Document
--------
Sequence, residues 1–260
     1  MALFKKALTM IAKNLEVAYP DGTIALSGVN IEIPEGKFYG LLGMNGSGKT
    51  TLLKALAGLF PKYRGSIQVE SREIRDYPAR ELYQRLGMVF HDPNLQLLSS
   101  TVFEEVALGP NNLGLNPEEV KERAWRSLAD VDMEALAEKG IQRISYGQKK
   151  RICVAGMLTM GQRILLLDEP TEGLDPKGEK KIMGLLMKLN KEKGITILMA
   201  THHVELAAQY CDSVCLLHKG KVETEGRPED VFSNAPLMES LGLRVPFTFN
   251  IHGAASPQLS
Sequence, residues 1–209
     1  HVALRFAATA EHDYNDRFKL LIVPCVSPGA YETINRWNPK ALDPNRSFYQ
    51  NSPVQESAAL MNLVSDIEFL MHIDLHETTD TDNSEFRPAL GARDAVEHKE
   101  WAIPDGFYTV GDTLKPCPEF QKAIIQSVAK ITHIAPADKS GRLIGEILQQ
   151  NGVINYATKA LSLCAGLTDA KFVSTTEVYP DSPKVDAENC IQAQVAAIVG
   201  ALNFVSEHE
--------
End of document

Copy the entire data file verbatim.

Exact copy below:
Sequence, residues 1–260
     1  MALFKKALTM IAKNLEVAYP DGTIALSGVN IEIPEGKFYG LLGMNGSGKT
    51  TLLKALAGLF PKYRGSIQVE SREIRDYPAR ELYQRLGMVF HDPNLQLLSS
   101  TVFEEVALGP NNLGLNPEEV KERAWRSLAD VDMEALAEKG IQRISYGQKK
   151  RICVAGMLTM GQRILLLDEP TEGLDPKGEK KIMGLLMKLN KEKGITILMA
   201  THHVELAAQY CDSVCLLHKG KVETEGRPED VFSNAPLMES LGLRVPFTFN
   251  IHGAASPQLS
Sequence, residues 1–209
     1  HVALRFAATA EHDYNDRFKL LIVPCVSPGA YETINRWNPK ALDPNRSFYQ
    51  NSPVQESAAL MNLVSDIEFL MHIDLHETTD TDNSEFRPAL GARDAVEHKE
   101  WAIPDGFYTV GDTLKPCPEF QKAIIQSVAK ITHIAPADKS GRLIGEILQQ
   151  NGVINYATKA LSLCAGLTDA KFVSTTEVYP DSPKVDAENC IQAQVAAIVG
   201  ALNFVSEHE